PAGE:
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© 2019 Lerwick J, et al. This is an open-access article distributed under the terms of the Creative Commons Attribution License, which permits unrestricted use, distribution, and reproduction in any medium, provided the original author and source are credited.

CASE STUDY | OPEN ACCESSDOI: 10.23937/2474-3674/1510086

Psychosocial Considerations for Pediatric Care in Emergency Departments

Julie Lerwick, PhD, LPC, NCC, RPT*

Assistant Professor, Clinical Mental Health Counseling, Sport & Performance Psychology, University of Western States, USA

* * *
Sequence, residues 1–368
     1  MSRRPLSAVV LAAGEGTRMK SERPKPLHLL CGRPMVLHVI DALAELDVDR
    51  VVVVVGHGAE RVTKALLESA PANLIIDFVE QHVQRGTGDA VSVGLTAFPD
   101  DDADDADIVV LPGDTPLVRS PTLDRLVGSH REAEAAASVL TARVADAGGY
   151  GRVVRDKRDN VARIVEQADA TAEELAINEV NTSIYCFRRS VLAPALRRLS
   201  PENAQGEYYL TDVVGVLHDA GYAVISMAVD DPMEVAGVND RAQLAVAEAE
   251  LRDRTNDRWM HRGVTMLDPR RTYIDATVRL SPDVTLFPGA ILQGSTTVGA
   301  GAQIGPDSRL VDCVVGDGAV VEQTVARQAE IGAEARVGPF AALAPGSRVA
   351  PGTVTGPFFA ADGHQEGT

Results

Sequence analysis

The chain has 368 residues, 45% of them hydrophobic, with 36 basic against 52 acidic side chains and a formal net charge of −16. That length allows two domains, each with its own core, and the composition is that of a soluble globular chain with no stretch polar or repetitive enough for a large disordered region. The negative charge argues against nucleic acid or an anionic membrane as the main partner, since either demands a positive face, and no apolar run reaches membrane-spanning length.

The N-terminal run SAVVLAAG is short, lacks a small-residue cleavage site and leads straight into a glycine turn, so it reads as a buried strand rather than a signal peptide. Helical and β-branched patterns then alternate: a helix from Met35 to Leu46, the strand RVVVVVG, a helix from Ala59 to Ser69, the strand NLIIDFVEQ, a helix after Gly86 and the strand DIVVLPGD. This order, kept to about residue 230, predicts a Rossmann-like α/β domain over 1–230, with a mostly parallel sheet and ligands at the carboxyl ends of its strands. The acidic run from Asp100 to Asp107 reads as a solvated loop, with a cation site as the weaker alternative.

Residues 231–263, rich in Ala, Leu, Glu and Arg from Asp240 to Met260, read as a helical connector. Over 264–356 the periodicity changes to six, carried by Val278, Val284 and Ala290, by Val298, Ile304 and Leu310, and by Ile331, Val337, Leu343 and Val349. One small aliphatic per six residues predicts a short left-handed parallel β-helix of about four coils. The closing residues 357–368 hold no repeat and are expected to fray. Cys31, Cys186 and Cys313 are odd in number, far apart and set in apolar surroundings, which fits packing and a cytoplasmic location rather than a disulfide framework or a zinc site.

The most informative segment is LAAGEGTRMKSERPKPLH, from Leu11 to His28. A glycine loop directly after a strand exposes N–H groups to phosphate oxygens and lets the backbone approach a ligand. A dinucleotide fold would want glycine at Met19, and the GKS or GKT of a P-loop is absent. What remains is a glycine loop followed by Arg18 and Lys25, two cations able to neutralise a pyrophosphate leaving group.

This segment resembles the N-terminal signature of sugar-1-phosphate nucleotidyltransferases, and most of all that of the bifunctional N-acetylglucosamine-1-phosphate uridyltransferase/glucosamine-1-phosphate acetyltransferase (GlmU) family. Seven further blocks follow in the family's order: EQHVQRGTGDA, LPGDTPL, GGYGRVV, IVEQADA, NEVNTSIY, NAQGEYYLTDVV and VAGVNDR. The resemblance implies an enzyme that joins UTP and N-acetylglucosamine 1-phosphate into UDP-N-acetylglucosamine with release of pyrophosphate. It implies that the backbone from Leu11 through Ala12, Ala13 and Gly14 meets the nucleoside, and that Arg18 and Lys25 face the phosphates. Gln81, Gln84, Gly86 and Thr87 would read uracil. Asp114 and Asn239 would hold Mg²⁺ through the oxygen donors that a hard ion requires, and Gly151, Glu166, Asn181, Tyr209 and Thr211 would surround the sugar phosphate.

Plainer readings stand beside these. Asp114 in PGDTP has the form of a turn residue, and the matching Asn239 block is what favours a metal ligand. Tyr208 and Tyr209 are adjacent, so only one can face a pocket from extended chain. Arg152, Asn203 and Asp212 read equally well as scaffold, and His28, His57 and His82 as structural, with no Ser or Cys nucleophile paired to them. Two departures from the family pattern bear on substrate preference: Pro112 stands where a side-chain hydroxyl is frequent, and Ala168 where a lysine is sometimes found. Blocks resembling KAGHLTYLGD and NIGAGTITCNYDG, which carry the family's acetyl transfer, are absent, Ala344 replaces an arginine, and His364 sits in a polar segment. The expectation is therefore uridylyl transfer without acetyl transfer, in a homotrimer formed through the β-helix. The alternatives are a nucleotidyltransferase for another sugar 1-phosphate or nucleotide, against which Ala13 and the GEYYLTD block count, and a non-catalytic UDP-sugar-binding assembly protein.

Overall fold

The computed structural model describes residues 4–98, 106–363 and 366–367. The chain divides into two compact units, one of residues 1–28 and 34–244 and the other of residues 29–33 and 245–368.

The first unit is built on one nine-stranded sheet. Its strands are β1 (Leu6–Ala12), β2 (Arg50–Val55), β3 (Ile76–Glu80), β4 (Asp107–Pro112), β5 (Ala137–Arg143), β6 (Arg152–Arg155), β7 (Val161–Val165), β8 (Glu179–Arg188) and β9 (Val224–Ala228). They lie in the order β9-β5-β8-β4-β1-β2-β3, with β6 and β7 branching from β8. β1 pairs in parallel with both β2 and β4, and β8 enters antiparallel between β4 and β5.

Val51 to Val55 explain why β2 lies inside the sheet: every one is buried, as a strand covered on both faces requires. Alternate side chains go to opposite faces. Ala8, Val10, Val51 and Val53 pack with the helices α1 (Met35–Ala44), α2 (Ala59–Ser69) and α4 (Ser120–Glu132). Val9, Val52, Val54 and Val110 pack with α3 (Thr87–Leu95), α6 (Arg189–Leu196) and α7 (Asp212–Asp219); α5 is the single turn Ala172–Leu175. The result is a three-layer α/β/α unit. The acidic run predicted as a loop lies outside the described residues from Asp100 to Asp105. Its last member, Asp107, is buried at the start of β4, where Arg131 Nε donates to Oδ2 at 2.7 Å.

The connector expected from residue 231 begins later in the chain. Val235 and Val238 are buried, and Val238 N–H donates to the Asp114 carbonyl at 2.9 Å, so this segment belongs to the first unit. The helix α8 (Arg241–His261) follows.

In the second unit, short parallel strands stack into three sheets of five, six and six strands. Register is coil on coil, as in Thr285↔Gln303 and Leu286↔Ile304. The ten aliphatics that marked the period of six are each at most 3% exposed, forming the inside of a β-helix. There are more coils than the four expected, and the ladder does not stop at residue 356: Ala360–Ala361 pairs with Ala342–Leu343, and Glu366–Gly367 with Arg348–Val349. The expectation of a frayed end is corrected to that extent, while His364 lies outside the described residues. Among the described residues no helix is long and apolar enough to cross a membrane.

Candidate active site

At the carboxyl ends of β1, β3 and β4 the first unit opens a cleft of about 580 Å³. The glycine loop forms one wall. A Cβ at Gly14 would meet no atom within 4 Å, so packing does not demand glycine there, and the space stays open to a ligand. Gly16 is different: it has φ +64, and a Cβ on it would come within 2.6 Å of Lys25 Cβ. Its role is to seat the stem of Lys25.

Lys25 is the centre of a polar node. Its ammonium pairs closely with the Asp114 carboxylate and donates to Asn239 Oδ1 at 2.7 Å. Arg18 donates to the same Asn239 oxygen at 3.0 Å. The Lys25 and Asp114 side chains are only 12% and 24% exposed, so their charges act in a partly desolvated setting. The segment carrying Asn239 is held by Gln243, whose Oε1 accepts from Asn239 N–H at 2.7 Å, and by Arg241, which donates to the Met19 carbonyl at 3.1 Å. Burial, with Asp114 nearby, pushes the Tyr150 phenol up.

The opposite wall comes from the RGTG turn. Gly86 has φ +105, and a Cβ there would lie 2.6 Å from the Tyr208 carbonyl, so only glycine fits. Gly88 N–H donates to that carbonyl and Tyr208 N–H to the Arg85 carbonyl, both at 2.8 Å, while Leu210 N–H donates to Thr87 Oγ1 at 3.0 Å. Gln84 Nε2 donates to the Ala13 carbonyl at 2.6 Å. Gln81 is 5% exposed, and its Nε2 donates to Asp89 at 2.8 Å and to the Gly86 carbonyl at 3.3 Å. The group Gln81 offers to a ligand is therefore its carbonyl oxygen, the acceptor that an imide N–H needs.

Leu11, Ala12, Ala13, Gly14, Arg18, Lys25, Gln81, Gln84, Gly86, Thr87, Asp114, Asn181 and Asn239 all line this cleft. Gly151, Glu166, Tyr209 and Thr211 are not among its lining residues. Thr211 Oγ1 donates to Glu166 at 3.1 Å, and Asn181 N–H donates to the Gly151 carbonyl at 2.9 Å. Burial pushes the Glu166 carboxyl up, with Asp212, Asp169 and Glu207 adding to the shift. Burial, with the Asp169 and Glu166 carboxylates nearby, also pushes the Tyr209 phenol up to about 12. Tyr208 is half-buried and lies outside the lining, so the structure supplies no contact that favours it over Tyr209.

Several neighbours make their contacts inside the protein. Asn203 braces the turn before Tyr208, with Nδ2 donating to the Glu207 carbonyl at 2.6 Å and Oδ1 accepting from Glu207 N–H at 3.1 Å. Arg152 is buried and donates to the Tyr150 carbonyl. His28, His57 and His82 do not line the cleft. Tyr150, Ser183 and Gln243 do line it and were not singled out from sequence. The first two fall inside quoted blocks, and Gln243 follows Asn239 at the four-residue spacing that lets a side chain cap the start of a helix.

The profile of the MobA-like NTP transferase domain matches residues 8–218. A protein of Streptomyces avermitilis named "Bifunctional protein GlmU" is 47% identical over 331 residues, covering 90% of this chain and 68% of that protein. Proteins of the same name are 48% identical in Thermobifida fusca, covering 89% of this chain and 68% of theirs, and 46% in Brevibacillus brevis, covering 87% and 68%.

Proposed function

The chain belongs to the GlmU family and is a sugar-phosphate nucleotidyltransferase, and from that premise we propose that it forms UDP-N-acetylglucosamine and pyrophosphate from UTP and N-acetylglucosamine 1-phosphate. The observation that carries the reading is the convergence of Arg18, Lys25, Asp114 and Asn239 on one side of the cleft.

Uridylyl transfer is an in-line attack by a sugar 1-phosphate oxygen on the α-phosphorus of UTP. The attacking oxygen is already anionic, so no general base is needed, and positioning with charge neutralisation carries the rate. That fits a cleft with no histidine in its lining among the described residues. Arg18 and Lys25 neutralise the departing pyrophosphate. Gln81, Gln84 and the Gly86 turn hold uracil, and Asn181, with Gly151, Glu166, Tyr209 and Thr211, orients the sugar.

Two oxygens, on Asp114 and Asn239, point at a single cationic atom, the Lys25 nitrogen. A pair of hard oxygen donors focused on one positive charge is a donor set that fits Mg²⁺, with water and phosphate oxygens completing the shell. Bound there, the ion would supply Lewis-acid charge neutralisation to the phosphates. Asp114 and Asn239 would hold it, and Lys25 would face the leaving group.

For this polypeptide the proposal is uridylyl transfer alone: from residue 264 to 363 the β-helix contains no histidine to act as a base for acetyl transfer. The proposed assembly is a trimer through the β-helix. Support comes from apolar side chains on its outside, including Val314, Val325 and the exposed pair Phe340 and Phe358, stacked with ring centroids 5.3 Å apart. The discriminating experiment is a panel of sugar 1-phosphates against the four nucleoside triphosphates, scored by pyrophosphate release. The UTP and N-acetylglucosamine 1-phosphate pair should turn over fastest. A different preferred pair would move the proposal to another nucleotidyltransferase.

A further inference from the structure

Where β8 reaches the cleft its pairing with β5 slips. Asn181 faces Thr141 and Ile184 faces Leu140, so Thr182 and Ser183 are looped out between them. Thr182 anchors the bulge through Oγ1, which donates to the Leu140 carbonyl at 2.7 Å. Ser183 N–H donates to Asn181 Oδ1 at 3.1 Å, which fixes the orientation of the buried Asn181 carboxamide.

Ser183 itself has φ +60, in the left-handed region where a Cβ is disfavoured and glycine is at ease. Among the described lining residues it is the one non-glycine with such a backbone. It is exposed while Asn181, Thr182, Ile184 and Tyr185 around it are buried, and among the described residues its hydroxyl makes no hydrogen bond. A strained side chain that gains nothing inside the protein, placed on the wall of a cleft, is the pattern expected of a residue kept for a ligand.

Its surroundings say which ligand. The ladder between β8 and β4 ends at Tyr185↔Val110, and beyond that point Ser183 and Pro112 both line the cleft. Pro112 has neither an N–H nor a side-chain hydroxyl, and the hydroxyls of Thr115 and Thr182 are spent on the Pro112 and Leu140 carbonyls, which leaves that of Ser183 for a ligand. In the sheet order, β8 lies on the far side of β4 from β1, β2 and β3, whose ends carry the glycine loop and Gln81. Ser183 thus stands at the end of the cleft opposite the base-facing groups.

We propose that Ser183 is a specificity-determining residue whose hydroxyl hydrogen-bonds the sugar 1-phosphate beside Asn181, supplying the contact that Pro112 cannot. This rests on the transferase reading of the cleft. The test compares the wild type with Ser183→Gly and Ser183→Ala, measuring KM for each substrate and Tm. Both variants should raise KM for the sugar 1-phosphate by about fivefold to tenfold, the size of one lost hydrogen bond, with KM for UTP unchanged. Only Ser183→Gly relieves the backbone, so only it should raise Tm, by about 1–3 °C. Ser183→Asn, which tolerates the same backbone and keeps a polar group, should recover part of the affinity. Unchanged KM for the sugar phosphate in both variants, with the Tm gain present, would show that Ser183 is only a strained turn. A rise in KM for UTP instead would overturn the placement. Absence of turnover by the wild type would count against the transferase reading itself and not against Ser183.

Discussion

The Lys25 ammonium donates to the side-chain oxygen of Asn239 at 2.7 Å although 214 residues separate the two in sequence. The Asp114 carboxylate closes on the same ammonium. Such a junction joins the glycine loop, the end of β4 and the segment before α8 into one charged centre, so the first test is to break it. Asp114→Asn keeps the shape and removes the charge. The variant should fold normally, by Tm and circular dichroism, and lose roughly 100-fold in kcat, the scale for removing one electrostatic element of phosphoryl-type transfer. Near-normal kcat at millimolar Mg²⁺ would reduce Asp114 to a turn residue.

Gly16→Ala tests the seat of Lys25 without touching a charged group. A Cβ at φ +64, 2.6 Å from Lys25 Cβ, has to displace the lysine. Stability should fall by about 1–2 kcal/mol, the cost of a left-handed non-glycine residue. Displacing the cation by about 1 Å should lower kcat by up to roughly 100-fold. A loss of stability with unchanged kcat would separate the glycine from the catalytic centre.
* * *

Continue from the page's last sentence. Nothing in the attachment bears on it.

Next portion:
When pediatric patients are admitted into emergency departments a different course of psychological care is required. Often, when admitted, children are scared and in pain. Fear and pain at any age introduces unexpected behavioral responses, and this is not an exception for children. This makes children quite vulnerable in emergency departments, regardless if caregivers are trained to work with pediatric patients. Within the urgency of delivering emergent medical care, as well as maintaining strong statistics noting minutes of care, there is little time for explanations or emotional containment for pediatric patients. Emergency medical caregivers can mitigate potential fear and reduce behavioral issues in their pediatric patients by implementing developmentally appropriate psychosocial interventions. The following case study focuses on choice-giving as a means of offering psychological safety to pediatric patients in the emergency department.